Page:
Bonn and coworkers combined achiral SFG spectroscopy with thioflavin T (ThT) fluorescence and atomic force microscopy (AFM) for bulk analysis to examine the effect of EGCG on inhibiting hIAPP aggregation at the lipid/water interface [64]. They used the amide I band of hIAPP in the achiral SFG spectra to monitor the kinetics of the formation of β-sheet fibrils. In the absence of EGCG at the lipid/water interface, the time-dependent SFG spectra (Figure 5(d)) show blue-shifts in peak position and increasing intensities of amide I band, similar to the observations made by Fu et al. (Figure 3(a)). In the presence of EGCG, blue-shifts in peak positions can still be observed (Figure 5(e)), indicating the formation of β-sheets. This is confirmed by the AFM images of the sample at interfaces transferred onto mica. The AFM images show the formation of fibrils on the film made from hIAPP at the air/water interface with lipid in the presence of EGCG after incubating for ~17 hours (Figure 5(c)). The extent of fibril formation is similar to that in the absence of EGCG (Figure 5(b)). The results at the interface elicit the hypothesis that EGCG has a reduced inhibitive effect on hIAPP aggregation at the lipid/water interface.

To test this hypothesis, a comparison is made for the inhibitive effect of EGCG on hIAPP aggregation at the interface versus in the bulk. The amount of β-sheets formed at the lipid/water interface in both the presence and the absence of EGCG is quantitatively estimated by the deconvolution of each time-dependent spectrum using the Lorentzian line-shape fitting. The time-dependent β-sheet component deconvoluted from the SFG spectra is plotted in Figure 6(a) ( and curves), along with the time-dependent fluorescence intensity from hIAPP aggregates in the bulk (× and + curves). The flat + curve in Figure 6(a) suggests a lack of amyloid fibril formation in the bulk in the presence of EGCG, which is further confirmed by the AFM image in the presence (Figure 6(c)) of EGCG. Therefore, both the fluorescence and the AFM results indicate a strong inhibition of EGCG on hIAPP aggregation in the bulk. On the other hand, the β-sheet component deconvoluted from the SFG spectra is still increasing with time at the lipid/water interface in the presence of EGCG (Figure 6(a), □ curve). The above comparison demonstrates that the inhibitive effect of EGCG on hIAPP is indeed reduced at the interface.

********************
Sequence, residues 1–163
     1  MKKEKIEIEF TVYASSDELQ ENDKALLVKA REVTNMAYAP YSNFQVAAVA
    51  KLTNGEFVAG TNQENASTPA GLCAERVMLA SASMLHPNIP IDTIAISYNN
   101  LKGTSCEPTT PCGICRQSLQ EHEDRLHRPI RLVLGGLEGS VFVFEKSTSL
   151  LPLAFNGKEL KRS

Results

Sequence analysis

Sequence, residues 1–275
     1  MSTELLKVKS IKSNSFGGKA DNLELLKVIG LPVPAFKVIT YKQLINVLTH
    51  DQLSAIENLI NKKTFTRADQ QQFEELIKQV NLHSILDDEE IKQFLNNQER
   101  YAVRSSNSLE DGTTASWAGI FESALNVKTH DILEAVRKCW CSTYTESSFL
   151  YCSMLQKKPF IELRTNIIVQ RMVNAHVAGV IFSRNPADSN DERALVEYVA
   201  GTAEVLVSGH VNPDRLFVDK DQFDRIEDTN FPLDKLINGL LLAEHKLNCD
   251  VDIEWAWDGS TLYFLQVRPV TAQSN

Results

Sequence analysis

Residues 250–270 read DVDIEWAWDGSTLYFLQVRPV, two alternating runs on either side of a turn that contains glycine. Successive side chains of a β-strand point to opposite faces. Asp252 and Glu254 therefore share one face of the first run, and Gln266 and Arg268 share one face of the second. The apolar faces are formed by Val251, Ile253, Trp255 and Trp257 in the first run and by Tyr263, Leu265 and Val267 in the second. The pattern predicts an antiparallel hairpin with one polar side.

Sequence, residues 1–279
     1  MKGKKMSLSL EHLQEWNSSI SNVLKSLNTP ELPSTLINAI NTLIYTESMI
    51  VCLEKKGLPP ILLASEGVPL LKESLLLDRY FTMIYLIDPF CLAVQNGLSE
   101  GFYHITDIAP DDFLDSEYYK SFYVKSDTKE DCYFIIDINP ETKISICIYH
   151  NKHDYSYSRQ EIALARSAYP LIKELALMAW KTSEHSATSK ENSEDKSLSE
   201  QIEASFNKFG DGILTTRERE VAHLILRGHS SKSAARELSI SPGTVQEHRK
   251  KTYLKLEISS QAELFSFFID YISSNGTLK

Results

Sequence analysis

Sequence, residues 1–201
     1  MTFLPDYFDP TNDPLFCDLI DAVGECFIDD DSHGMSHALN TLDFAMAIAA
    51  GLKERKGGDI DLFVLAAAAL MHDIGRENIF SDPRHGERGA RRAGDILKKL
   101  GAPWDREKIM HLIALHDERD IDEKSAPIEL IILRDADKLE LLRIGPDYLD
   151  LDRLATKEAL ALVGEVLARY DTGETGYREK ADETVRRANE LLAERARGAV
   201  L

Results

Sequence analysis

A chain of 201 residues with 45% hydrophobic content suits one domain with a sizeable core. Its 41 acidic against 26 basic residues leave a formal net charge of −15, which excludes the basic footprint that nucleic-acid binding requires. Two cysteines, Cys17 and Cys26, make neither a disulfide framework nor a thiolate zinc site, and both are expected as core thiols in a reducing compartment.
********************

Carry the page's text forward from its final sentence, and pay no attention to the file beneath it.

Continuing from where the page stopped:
4.2. Consideration of Membrane Effects for Drug Design

The reduced efficacy of EGCG as an inhibitor at membrane surfaces may be due to the role of the surface in controlling the structure, orientation, and dynamics of the aggregation process. The proposed inhibitory mechanism for EGCG involves the binding of the phenol groups to the hydrophobic aromatic side chains of hIAPP. In the bulk, both the inhibitor and the hIAPP diffuse freely. Thus, the inhibitor may bind to the hIAPP aromatic groups more effectively. At the amphipathic membrane-water interface, however, hIAPP is anchored with a specific orientation leaving the hydrophobic β-strands pointing towards each other, buried inside the membrane phase, while the hydrophilic side chains make contact with water solvent and the lipid polar head groups. This specific orientation suppresses free diffusion of hIAPP and makes it difficult for EGCG to bind. On the other hand, the small EGCG molecules with multiple phenol groups are more soluble in the bulk, potentially leading to low surface population, which further reduce its efficacy.

The SFG study demonstrates that the effect of the surface can be a critical factor to be considered in the drug design for type II diabetes. The pathogenic origin of type II diabetes has been proposed to be linked to the hIAPP aggregation process and the disruption of membrane integrity [5]. Therefore, it is important to screen drug candidates that might affect aggregate/membrane interactions, by changing the hIAPP interfacial orientation, conformation, or dynamics. The resulting conformational changes could be probed by SFG as described in the following section focused on the orientation of aggregates at the lipid/water interface.

5. Orientation of hIAPP Aggregates at Lipid Membrane Surfaces